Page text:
The rise - of 0.8% of GDP for the March quarter - was well above the consensus forecast of 0.4% and covers the period of the second, and most calamitous, Christchurch earthquake.
It also came at a time when many people were musing about the possibility of a double dip recession.
Today’s result – which was delayed, partly because of the Christchurch earthquake and partly (from last week) because the result was so unexpectedly upbeat Statistics New Zealand staff re-checked the numbers – confounds the pessimists.
Today’s figures also revise the December quarter’s GDP figure, which was recorded at the time as 0.2% but is now 0.5%.
That takes annual GDP to 1.5%.
Although historical, today’s result provides an unexpectedly firm base for what is already shaping up to be a strong second half of the year (see tomorrow’s National Business Review for more).
The largest contributor was manufacturing, where output rose 3.6%, with machinery and equipment manufacturing leading the way. This follows a 3.5% rise in the previous quarter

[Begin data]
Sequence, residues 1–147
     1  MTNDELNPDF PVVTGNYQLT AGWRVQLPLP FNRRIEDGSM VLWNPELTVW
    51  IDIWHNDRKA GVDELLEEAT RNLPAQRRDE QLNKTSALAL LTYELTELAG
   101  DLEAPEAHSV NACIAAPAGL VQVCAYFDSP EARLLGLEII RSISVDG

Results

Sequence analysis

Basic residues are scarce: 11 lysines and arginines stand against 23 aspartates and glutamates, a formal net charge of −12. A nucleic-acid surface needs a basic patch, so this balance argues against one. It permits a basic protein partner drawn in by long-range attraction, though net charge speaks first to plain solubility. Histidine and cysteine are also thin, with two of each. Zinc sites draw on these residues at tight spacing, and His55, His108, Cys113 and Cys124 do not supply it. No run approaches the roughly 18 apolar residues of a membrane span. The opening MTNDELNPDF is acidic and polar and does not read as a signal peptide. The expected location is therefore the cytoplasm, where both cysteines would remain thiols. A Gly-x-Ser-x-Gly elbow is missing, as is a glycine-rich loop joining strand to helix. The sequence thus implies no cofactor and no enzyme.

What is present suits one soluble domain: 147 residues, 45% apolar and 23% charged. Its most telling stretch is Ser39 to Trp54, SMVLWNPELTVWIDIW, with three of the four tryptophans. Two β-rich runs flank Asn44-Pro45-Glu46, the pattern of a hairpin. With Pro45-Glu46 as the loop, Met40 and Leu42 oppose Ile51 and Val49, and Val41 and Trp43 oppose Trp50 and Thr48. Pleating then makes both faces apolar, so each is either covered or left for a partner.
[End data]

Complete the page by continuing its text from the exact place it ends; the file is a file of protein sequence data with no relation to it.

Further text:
Primary industry activity actually declined, by 0.6%, mostly due to a 5.3 % drop in mining activity. Forestry and logging fell by a margin-of-effort 0.1%, after a 6.1% rise in the December quarter.
Agricultural output rose 1%, primarily due to a rise in milk production.
The main decline in activity was the construction sector, where output fell 4.3%
Service industry output rose 0.5%, with a 1% rise in real estate and business services being the main contributor. Within this sub-group, a rise in accountancy and legal activity is the main driver, probably due to the usual end-of-financial year rise in activity but also because of the tax changes affecting the property sector which took effect form 1 April.
The crucial area of imports of a capital goods rose by 5.4% for the quarter, which is in line with recent trade and current account data and which also confirms that firms are making use of the combination of a high New Zealand dollar and low interest rates to boost their plant and machinery investment.
The government sector output rose 1.2%, mostly due to continued increases in local government activity, which rose 6.6%, although this time these seem mostly linked to the aftermath of the Christchurch earthquake.
This article is tagged with the following keywords. Find out more about MyNBR Tags
Most listened to
- NBR's veteran budget reporter Rob Hosking breaks down the key points
- AUT professor John Tookey says the government is far behind the curve when it comes to housing and Auckland transport
- BNZ's Craig Ebert on the Budget 2016 forecasts
- Grant Thornton's Greg Thompson on the Budget tax measures and the focus on debt repayment
- EY's David Snell says IRD's IT overhaul will be at the cost of about 1,000 jobs